Comedy

first_imgPuppetry of the Penisdir Simon Morley27 SeptemberNew TheatreEngland’s Ashes victory is under discussion. British Woman: “Loser!”. Australian Man: “Thank you, madam, but you’re the one who paid to see my cock.”Simon Morley and David Friend have got it made. Their show, Puppetry of the Penis, can’t cost much to take on the road: they get three puffs of dry ice; they need someone to work a video camera; they’ve got two capes, no costume changes to worry about. (There’s no programme, so I didn’t catch the name of the warm-up act.) They ape a double-act in the tradition of the music-hall, Simon performing as if he’s doing a sarcastic stand-up routine, and David playing the younger hapless puppyish stooge who’s more likely to run about, to disappear off-stage and re-enter with a comedy prop.Simon has short-cropped dark hair; David is a vaguely messy dirty blond with comedy sideburns out of the latest Pride and Prejudice. Simon calls David “monkey boy” and bosses him about. They banter, they show affection, they watch each other’s backs. It’s not a particularly great example of the double-act, but it works the audience to heights of hysteria most comics can only pray for. Why? They happen to be naked save for plimsolls and socks. Neither is buffed. And both their penises look as though they have been rolled out with a rolling pin and then fretted with elastic. They contort them into wince-inducing shapes while keeping up a running patter in offensive stereotyped misogyny.And that’s why, on a one-off gig on a Tuesday night, the New Theatre is playing pretty much to capacity and predominantly to an older-than-student-age female audience. There are hen nights in, and 21st and 40th birthday parties, as well as a retirement do. “Are there any gay men here?” One couple bravely admits to it and is the butt of jokes thereafter. Repeat after me: comedy is cruel. Here it is really cruel.Fresh from a successful run at the Edinburgh Fringe, these two guys rub their penises like boy scouts with so much kindling, and then stretch them into likenesses of the Eiffel Tower (with dark clouds obscuring the tip of the tower, so we’re told, though I wasn’t convinced) or Uluru (“Ayer’s Rock,” Simon explains. “Any Australians in the audience? Bet you feel homesick.”)A hamburger shape takes a starring role as does a chicken nugget (“I’m a big fan of the Colonel’s work,” says Simon; “Smell the magical spices!” says David, sniffing amazedly at his fingers) or Gonzo from the Muppets or the Loch Ness Monster (complete with realistic bobbing head movements). With the addition of a champagne cork-guard, the penis becomes a greyhound eager for the off and then morphs into a frightening Hannibal Lecter.Somewhere, of course, the line is crossed. But it’s hard to say where. Maybe it was being rash enough to agree to review the show at all. Maybe it’s the woman who, fifteen seconds in, shouts, “Show us your nob!” at the warm-up act. She gets a reproving ticking off.Maybe it’s the gleeful playing to type as macho ’Stralians who can abuse women and still be loved for it. It could probably be drawn at the warm-up’s characterisation of all Germans as either obsessed with sex acts involving urination or Nazis. It’s definitely the warm-up’s gag about how you’ll never find a man complaining about having his drink spiked, and then miming drunken appreciation of oral sex. There’s offence aplenty for the taking.If this is the male answer to The Vagina Monologues – as the warm-up seems to suggest – it’s a worrying look-out, but a bit of fun, nonetheless.ARCHIVE: 0th week MT 2005last_img read more

3-star commit Franklin ramping up for Syracuse career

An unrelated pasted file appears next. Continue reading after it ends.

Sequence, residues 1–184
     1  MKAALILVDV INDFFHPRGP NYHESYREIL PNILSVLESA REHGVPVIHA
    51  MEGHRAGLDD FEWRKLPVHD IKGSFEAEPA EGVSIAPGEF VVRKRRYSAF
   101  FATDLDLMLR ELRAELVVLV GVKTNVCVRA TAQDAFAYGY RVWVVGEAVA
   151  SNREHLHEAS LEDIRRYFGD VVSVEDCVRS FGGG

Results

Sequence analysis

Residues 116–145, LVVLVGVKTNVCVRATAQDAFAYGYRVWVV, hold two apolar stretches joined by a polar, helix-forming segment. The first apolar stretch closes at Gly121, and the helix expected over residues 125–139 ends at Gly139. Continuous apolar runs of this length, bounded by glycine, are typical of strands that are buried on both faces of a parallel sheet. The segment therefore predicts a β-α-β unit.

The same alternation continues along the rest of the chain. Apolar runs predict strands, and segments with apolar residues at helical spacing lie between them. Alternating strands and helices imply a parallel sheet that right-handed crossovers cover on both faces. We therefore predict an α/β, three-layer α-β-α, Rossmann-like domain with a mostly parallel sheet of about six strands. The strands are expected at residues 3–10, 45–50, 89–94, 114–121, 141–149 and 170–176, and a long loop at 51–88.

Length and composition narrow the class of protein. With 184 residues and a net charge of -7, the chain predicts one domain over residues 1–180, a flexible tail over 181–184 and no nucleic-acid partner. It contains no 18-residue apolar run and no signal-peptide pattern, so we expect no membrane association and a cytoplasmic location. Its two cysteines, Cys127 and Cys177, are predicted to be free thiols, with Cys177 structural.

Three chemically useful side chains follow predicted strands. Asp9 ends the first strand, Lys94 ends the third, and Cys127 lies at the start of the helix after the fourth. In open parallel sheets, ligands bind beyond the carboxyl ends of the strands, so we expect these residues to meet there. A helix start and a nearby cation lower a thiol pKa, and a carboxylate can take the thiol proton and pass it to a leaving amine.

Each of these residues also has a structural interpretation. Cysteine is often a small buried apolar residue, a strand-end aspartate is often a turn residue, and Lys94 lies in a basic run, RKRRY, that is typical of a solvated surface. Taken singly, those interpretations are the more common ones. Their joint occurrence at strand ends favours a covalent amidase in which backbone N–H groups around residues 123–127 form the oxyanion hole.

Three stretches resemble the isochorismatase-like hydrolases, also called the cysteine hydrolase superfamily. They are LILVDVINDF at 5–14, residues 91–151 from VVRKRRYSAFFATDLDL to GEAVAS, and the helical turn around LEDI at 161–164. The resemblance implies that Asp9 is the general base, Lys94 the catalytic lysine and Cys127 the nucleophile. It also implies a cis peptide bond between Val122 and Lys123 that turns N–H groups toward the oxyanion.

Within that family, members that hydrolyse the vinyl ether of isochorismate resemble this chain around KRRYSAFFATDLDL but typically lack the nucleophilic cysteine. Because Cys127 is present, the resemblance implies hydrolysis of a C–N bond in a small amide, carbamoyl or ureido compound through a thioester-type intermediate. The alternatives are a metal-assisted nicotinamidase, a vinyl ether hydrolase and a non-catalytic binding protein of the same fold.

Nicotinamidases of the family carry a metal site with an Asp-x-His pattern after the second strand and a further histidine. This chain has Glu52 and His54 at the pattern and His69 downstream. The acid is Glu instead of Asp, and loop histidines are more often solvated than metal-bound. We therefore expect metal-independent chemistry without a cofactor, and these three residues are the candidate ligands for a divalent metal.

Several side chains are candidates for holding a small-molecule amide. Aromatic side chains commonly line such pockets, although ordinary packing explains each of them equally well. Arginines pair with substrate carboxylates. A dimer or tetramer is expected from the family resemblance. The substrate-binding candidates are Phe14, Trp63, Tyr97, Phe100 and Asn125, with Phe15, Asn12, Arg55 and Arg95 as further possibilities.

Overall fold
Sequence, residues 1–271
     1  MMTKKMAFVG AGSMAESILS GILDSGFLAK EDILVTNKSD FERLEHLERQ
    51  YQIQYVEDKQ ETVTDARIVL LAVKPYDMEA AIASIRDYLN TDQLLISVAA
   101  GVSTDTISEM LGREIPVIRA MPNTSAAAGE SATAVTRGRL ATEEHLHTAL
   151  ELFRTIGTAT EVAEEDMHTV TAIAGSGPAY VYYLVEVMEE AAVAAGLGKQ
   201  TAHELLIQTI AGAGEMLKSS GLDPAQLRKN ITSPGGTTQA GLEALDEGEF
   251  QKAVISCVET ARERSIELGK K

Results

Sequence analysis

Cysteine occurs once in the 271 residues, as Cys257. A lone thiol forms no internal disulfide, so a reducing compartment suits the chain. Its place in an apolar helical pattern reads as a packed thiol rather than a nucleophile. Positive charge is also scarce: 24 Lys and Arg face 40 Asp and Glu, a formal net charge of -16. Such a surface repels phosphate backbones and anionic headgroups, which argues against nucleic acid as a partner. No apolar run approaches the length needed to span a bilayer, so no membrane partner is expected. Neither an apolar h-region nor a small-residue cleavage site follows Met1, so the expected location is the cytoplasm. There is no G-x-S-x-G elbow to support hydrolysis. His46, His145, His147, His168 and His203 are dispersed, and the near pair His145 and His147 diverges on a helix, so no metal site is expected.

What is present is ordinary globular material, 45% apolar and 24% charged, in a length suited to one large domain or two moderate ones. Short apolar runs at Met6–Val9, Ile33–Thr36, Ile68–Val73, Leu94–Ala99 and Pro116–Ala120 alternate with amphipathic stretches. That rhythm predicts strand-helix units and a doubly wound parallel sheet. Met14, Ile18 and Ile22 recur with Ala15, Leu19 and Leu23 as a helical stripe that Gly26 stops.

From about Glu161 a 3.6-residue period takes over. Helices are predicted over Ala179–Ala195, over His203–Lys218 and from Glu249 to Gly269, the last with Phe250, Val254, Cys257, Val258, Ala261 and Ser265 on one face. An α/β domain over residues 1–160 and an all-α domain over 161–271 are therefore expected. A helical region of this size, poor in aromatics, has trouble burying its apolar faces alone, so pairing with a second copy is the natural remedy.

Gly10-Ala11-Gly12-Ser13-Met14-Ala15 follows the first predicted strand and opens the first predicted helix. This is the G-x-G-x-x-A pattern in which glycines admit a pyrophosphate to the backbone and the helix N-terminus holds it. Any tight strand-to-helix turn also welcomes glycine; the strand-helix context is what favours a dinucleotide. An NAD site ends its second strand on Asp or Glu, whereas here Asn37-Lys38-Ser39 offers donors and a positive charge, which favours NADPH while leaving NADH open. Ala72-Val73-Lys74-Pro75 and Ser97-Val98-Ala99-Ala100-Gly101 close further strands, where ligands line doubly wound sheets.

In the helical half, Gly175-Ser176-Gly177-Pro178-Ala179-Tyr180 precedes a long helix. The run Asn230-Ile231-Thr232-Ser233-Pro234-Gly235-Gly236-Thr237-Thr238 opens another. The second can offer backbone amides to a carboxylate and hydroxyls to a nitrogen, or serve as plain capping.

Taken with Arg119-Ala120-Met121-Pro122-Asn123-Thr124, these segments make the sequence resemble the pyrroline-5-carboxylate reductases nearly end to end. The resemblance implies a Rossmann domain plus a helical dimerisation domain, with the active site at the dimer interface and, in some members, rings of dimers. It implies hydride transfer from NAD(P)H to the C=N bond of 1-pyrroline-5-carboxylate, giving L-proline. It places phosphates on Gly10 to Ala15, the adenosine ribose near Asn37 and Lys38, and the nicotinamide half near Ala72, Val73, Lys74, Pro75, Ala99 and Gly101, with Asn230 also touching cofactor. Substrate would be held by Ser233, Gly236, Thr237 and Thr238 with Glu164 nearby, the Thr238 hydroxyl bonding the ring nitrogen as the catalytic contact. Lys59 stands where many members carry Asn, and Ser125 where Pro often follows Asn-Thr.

first_img Published on August 29, 2013 at 1:22 am Contact Jesse: [email protected] | @dougherty_jesse On Zaire Franklin’s first day at La Salle College High School training camp, he stood up on the benches in the locker room and announced his arrival.Franklin had just transferred from Franklin Learning Center, a public school in the heart of North Philadelphia, and had never attended an independent prep school or spent much time — if any — in the suburbs.But with his new football teammates all around him, Franklin treated the room full of perplexed players to an off-key rendition of “Ain’t No Mountain High Enough,” with a dance to go along with it.“Only a few people knew who he was and he just started singing,” said Andrew Carlone, then a junior offensive lineman. “We all thought he was just really cocky, or extremely social. Little did we know, most of us had just met one of our best friends.”Nothing stops Franklin from being himself, and that’s just the way everyone around him likes it.AdvertisementThis is placeholder textA three-star outside linebacker, according to Scout.com, Franklin is a member of SU’s 2014 recruiting class. The Philadelphia native is expected to bring strength, speed and intensity to a class already featuring two other linebackers in Parris Bennett and Colton Moskal. Though it’s the intangibles Franklin provides that have, and will continue to set him apart.“I strive to be a complete player on and off the field,” Franklin said. “To me, leading is as important as playing.”It’s hard to catch Franklin not smiling and engaging with his peers. He slowly walks through La Salle’s hallways, stopping to give individual attention to any familiar face.But when a game nears, his transformation begins.“I don’t think I’ve ever talked to him before a game,” Carlone said. “And that’s crazy, because we’ve played a ton of games together.”It’s not something Franklin can explain. As competition looms, so does an alter ego that emits toughness and grit. He tucks away his smile, pauses his resounding personality and zones in.Pregame he sits alone, puts his headphones in and starts to tape up sitting in front of his locker.Just hours or even minutes ago he was acting like the mayor of a small school community. Teammates, teachers and students were hanging on his every word. Now he’s silent, seething and itching to get onto the field.“I really can’t help what comes over me when I’m going to play football,” Franklin said. “I love people and I love to talk, but it’s just a natural disposition. When I get on the field, I hate everyone I’m going against.”After finishing as state semifinalists in 2011, Franklin’s sophomore season, La Salle made it back to the AAAA state semifinals in 2012.Facing Coatesville, luck wasn’t on La Salle’s side. Three of the team’s most talented players left the game with injuries, and Coatesville took a 21-7 lead toward the end of the first half.With his team short-handed, Franklin hit another gear.“He was ‘all over’ the place that game,” said Ryan Coonahan, a current teammate of Franklin’s. “That game was just different, like really, really competitive. And he was right in the mix from start to finish.”The Explorers fought valiantly, but ultimately fell on the wrong-end of a 42-35 final score.In the locker room after the game, Franklin broke his natural vow of silence and addressed the team. To the graduating players who had just played their final game, he apologized. To the returning players, he stimulated the next step, telling them it was time to start training because that couldn’t happen again.“He’s probably the best leader and hardest worker I’ve ever been around,” Coonahan said.The days leading up to Franklin’s offseason workouts were normal. He bounced in the hallways, gave out high-fives like takeout menus and was his usual, goofy self. He encouraged his teammates to join him and shook off the heartbreaking loss by stretching a smile across his face.And then, when the weekend hit, he used that same loss as fuel to get better. He put his headphones in, taped up and practiced, silently, with his next task in mind.Franklin isn’t blind to the bigger picture. He just prefers to take things, especially on the football field, in chromatic steps.“With me, Syracuse is getting a really hard worker and I can’t get there soon enough,” he said, “but I still have a high school season to play.” Comments Facebook Twitter Google+last_img read more